To the editors:
On behalf of the Greater North-Pulaski Development Corporation (GNPDC), I would like to address two items in Ben Joravsky’s Neighborhood News feature of February 28, “Economic Development: Small Players Stiffed in State Funding Shift.”
The first is the incorrect statement that the selection of GNPDC as lead organization for the Small Business Development Center (SBDC) in its region “leaves the black west side communities underfunded.” In fact, the funding shift will substantially increase the level of support to organizations serving the black west side. Prior to the reorganization, no SBDCs other than GNPDC were serving significant portions of this area. In addition to GNPDC’s ongoing service to the Austin and Humboldt Park communities, we are subcontracting a substantial portion of SBDC funding to three other industrial and business development groups serving black neighborhoods to our south. These groups are: Fifth City Industrial Promotions, the Lawndale Business and Local Development Corporation and the Kinzie Industrial Development Corporation.
The second item, a quote attributed to and since denied by Monroe Roth of the Chicagoland Enterprise Center, suggests that GNPDC may “lack the expertise” to work with the west side community. Again, a few facts may dispel the doubts. GNPDC was founded 15 years ago and was selected in 1984 by the Washington administration to pilot the City’s neighborhood-based industrial retention program. Our expertise was considered enough of a model to encourage our colleagues in the administration and all administrations since to expand the program to a network of ten other groups that followed our lead. GNPDC has more recently been brought in to consult administrations in Pittsburgh and Cleveland, whose industrial retention programs are still evolving.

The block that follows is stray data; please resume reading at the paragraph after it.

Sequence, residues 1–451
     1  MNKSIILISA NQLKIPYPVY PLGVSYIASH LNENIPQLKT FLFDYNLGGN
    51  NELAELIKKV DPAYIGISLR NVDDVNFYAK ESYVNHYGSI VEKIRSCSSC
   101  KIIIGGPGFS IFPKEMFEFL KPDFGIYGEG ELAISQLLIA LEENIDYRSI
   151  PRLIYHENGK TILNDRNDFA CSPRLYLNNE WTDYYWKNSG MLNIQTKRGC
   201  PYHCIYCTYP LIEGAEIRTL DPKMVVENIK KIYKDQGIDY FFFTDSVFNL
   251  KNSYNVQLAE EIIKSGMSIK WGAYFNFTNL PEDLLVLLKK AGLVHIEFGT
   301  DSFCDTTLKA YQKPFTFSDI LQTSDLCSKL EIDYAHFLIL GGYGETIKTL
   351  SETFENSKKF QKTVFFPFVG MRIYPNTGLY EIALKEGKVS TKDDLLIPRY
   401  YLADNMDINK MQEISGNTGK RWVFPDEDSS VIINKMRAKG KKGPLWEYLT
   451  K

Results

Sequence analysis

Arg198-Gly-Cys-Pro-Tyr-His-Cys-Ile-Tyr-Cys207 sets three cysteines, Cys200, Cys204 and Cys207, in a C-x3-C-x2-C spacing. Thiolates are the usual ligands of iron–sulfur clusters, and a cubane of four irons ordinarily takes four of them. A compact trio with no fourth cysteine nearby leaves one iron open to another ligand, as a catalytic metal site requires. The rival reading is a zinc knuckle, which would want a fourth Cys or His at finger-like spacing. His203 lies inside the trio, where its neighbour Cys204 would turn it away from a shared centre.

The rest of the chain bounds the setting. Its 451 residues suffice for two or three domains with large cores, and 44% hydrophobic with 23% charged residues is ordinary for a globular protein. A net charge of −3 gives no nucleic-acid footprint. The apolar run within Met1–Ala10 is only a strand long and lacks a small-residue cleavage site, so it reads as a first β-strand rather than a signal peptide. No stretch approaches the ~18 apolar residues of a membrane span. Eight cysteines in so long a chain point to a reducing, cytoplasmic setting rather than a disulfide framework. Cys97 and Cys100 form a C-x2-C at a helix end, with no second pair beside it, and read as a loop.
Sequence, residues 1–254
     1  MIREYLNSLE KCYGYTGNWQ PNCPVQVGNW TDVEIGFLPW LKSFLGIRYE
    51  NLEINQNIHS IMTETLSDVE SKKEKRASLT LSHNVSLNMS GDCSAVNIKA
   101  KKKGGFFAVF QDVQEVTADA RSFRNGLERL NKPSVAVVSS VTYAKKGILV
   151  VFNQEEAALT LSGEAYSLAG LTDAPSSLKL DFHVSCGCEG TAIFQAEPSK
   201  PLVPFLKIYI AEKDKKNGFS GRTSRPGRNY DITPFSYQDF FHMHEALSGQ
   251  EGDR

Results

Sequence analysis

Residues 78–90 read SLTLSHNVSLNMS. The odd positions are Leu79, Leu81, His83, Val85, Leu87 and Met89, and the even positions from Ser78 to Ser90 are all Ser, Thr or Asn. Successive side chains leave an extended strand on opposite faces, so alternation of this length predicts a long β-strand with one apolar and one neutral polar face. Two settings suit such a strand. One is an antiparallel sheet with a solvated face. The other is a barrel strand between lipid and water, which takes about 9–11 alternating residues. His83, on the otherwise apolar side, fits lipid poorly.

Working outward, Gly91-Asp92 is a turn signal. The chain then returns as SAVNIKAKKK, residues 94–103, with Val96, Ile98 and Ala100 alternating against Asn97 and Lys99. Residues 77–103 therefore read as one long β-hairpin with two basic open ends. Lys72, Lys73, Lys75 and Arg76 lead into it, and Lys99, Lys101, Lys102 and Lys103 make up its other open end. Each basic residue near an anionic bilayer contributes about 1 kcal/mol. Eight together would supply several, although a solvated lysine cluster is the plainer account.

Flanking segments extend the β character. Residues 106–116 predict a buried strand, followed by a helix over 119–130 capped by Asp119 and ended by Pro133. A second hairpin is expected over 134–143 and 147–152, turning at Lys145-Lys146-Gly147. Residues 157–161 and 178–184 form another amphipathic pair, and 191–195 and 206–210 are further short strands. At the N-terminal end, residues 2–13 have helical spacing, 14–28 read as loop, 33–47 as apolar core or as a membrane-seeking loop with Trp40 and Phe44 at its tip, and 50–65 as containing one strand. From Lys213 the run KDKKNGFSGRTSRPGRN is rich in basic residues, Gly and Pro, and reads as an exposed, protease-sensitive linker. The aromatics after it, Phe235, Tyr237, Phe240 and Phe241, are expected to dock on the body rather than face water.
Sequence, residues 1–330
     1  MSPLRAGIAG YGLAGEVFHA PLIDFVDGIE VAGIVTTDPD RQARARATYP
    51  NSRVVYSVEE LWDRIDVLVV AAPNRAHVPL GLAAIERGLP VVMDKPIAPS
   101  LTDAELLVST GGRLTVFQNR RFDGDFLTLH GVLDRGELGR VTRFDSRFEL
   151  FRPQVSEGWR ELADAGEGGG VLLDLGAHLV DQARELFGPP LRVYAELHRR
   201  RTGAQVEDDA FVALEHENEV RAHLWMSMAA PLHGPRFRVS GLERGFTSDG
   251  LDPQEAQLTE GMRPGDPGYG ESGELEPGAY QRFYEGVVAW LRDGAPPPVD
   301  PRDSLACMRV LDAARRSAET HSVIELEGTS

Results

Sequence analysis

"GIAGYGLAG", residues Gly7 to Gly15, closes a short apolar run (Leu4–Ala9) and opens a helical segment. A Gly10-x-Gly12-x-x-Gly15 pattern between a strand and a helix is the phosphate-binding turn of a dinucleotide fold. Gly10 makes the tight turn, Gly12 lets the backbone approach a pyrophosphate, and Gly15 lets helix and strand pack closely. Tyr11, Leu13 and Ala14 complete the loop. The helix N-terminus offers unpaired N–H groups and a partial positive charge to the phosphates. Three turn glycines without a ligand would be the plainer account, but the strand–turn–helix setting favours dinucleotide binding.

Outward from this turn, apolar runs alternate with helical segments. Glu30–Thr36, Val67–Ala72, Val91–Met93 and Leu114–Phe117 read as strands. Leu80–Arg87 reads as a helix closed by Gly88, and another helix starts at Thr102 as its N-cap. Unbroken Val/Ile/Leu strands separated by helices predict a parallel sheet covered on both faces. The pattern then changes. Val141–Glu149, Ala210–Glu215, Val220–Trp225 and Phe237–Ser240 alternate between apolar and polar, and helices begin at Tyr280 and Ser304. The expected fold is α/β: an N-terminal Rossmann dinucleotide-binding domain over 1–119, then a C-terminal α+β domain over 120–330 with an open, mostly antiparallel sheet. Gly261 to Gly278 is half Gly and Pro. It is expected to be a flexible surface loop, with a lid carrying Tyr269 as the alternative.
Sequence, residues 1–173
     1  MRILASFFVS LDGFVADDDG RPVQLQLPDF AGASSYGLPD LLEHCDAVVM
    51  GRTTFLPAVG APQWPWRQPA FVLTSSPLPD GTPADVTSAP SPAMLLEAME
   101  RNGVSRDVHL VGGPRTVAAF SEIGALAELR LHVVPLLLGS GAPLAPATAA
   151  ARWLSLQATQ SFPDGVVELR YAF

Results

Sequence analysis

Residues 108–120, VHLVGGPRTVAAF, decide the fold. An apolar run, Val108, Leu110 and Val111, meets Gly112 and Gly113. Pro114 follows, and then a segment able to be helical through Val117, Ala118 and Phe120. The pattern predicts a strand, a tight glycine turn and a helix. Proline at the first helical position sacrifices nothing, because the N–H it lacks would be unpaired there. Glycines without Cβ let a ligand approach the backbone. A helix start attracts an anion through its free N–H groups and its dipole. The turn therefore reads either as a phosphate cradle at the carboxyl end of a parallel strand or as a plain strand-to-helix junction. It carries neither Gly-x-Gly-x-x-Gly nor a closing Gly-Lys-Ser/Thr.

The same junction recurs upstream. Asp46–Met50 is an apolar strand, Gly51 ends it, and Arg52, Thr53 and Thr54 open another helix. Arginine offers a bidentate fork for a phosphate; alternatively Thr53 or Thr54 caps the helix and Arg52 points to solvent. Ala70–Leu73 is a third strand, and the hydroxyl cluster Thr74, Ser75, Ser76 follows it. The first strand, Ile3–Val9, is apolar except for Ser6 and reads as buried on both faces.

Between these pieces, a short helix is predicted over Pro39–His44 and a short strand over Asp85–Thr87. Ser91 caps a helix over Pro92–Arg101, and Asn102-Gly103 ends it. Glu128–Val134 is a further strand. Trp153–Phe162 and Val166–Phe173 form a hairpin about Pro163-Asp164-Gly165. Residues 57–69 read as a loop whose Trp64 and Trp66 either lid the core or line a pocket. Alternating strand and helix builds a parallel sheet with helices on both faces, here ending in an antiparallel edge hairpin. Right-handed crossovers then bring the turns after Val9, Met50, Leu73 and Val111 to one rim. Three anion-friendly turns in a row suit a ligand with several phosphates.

I respectfully suggest that Mr. Joravsky and the Reader could have been more thorough in developing this article, including talking to more of the organizations that are written about, dealing with the issue of industrial retention and its importance to the city, and not obtaining quotes that are later categorically denied by their sources.
James S. Lemonides
Ben Joravsky replies:
Let’s get it straight. In the course of a seven-page article about the misfortunes of several groups who lost crucial funding in the reorganization of a state program, I devoted one–that’s right, one–paragraph to Greater North, which, under that same re- organization, had its allowance increased. Greater North was described as a “good group” that might have some difficulties adjusting to its new duties. In other words, it was a passing, rather innocuous reference. In return, I got 200 or so words of self-righteous puffery topped off by a patronizing paragraph of “advice.”
Let me be even clearer, Mr. Lemonides: the article wasn’t about your organization, so I had no reason to quote you, as hard as you may find that to believe. It was about other good groups that may have to lay off staff or cut back programs because they don’t have your luck or connections. If you felt compelled to write, you might have at least mildly criticized your patrons at the state for forcing Chicago to fight over crumbs. Or you could have spared a sympathetic word or two for your less fortunate friends. You’re supposed to be allies in the struggle to revive Chicago–remember?
As for the quotes, I stand by my story.